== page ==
A mountain of cookies and thermoses full of coffee gave the dozens of students, faculty, and community members who gathered in Johnson Hall an energy boost as they prepared to learn about the future of the U.S. energy industry and a transition away from coal.
The event featured Paulina Jaramillo, assistant professor of engineering and public policy at Carnegie Mellon University, and was sponsored by the UW Clean Energy Institute, which regularly puts together interactive and engaging seminars.
Through a collection of graphs, including data on coal and alternative energy sources, Jaramillo came ready to discuss the future of the U.S. power system on the classroom’s medium-sized screen. The audience, especially students, was encouraged to participate and be a part of a larger discussion.
“I’ve just decided that I am going to make this an interactive lecture,” began Jaramillo.
It comes as no surprise that concerns over climate change have grown throughout the years. Coal plants are the nation’s top source of carbon dioxide emissions, the primary cause of global warming. Unfortunately, coal remains the major energy source in the U.S., generating 39 percent of the nation’s electricity.
Although coal is the cheapest fossil fuel to create electricity for lighting up our homes, offices - and anywhere else, for that matter - it’s also the dirtiest, releasing the highest levels of pollutants into the air. Coal is also the country's largest source of sulfur dioxide, a pollutant gas that causes respiratory problems, damages crops, forests and lakes.
Although coal still accounts for a majority of our electricity use, the U.S. is gradually moving toward cleaner, less polluting sources.
“Does anyone know what has led to decreases in coal,” asked Jaramillo?
Smiles and laughter fill the room. Faculty members were the first to raise their hands. Jaramillo waited for students to join in.
“Cheap, natural gas,” a student replied.
Like the UW student suggests, natural gas is becoming a popular transition fuel, creating significantly smaller environmental impacts than coal. It’s a far much cleaner fossil fuel and emits fewer greenhouse gases. However, although natural gas is a better alternative, it’s still not the answer to solving the global warming crisis. But clean energy sources like wind power might just be. Wind turbines emit zero greenhouse gases and can generate up to 20 percent of America’s electricity.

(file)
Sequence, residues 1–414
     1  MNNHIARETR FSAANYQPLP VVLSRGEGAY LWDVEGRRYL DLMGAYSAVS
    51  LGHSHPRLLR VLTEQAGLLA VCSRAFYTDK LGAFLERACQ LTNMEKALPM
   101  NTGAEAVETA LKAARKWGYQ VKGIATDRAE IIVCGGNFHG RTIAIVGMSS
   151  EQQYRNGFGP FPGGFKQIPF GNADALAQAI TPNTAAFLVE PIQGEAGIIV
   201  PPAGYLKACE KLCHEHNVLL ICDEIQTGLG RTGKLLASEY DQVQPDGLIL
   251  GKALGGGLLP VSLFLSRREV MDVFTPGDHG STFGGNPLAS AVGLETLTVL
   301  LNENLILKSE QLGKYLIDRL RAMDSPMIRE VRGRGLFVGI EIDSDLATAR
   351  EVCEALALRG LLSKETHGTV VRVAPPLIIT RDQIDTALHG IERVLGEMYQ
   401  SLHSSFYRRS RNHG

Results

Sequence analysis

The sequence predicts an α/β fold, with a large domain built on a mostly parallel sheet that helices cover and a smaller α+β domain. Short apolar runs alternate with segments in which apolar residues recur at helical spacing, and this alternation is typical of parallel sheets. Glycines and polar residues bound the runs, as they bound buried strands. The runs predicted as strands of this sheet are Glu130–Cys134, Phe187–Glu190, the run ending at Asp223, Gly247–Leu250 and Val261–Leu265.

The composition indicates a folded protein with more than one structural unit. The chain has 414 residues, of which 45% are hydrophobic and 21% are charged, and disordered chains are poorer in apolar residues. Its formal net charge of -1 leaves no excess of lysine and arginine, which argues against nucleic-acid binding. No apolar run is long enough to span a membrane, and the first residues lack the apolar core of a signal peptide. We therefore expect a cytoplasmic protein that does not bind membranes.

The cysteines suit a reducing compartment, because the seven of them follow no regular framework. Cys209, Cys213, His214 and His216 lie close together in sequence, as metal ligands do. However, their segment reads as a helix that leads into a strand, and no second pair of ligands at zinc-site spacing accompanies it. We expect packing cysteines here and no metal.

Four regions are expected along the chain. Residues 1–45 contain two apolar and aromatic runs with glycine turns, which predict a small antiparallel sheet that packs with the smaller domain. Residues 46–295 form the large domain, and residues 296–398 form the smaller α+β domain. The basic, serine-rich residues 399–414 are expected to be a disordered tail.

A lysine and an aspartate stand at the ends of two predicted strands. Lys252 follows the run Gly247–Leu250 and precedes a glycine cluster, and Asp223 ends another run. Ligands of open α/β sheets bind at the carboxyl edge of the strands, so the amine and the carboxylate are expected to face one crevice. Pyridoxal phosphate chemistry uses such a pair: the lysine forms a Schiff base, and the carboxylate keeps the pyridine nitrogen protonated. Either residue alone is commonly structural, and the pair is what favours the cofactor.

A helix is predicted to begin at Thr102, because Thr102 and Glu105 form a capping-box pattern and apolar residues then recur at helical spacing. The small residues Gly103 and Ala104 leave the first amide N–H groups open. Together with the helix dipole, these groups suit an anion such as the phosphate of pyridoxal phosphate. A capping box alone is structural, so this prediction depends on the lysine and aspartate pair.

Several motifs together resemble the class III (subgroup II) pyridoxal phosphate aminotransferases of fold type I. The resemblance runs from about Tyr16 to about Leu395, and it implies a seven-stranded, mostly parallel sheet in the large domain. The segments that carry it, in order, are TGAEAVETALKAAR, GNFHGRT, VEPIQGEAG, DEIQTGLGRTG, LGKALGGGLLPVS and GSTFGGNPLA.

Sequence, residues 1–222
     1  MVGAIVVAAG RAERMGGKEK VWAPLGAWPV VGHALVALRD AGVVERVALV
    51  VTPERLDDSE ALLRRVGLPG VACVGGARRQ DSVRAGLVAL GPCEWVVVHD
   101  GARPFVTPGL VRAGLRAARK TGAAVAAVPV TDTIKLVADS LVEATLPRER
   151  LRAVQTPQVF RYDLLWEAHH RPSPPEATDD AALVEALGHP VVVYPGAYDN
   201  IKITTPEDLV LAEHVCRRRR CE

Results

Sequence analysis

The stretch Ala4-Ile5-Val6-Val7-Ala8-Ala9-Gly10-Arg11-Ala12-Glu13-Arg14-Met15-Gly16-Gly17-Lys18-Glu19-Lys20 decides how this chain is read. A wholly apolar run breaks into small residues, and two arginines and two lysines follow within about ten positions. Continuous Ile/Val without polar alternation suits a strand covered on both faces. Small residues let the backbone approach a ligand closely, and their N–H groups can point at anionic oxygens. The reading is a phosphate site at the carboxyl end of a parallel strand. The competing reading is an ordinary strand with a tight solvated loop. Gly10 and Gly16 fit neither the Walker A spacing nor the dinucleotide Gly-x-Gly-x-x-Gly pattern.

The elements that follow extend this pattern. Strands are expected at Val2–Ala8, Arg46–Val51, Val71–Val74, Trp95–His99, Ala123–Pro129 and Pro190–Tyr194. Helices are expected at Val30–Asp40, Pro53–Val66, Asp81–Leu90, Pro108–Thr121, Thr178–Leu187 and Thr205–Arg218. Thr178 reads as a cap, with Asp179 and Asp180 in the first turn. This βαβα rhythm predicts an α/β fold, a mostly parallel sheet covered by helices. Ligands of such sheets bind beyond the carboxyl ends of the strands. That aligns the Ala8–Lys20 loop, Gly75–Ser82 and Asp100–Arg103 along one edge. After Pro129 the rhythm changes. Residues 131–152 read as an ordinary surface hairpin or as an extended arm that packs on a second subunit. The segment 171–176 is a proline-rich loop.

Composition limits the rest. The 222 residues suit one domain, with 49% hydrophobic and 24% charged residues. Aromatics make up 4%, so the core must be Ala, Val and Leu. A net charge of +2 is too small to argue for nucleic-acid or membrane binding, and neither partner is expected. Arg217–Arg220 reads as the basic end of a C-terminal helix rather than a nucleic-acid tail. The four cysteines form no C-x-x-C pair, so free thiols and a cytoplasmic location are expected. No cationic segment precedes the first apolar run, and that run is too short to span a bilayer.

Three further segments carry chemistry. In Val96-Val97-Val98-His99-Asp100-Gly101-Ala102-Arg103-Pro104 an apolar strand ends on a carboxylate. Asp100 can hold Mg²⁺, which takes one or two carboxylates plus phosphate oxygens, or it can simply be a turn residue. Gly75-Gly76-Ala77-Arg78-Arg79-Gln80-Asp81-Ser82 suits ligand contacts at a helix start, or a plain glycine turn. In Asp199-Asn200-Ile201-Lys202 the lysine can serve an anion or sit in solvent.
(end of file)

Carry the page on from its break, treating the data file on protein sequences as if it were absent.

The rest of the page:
“If you transition away from coal you need something else to generate electricity, and wind power is one of those clean sources,” said Jaramillo.
Investing in clean energy technologies is becoming a way of life for many Americans. Over 29 states have increased the production of energy from renewable sources like wind, solar, biomass and other alternatives to fossil fuels. By 2030, the Clean Power Plan calls for a 30 percent increase in renewable energy production. Power plants are also required to set carbon pollution reduction coals to help reduce carbon emissions by 32 percent.
Even with clean energy technologies, it’s hard to say that our dependency on coal will diminish completely in the near future, especially considering how much electricity is derived from it.
“There are political, economic, and social constraints that will not allow us to realistically eliminate all of coal by 2030," said Jaramillo. "If we were willing to spend all the money in the world we could eliminate coal, but we have limited resources.”
She added, “(The goal) is to reduce emissions. Wind power is a way of reducing emissions.”
Whether it was discussing the environmental and health implications of coal or suggesting alternative ways to generate electricity – Jaramillo’s lecture was a true engaging classroom experience. The audience was part of the discussion, asking questions, hearing feedback, and walking away with greater understanding of America's transition away from coal. It felt like a class I would take at the UW, and a free one at that.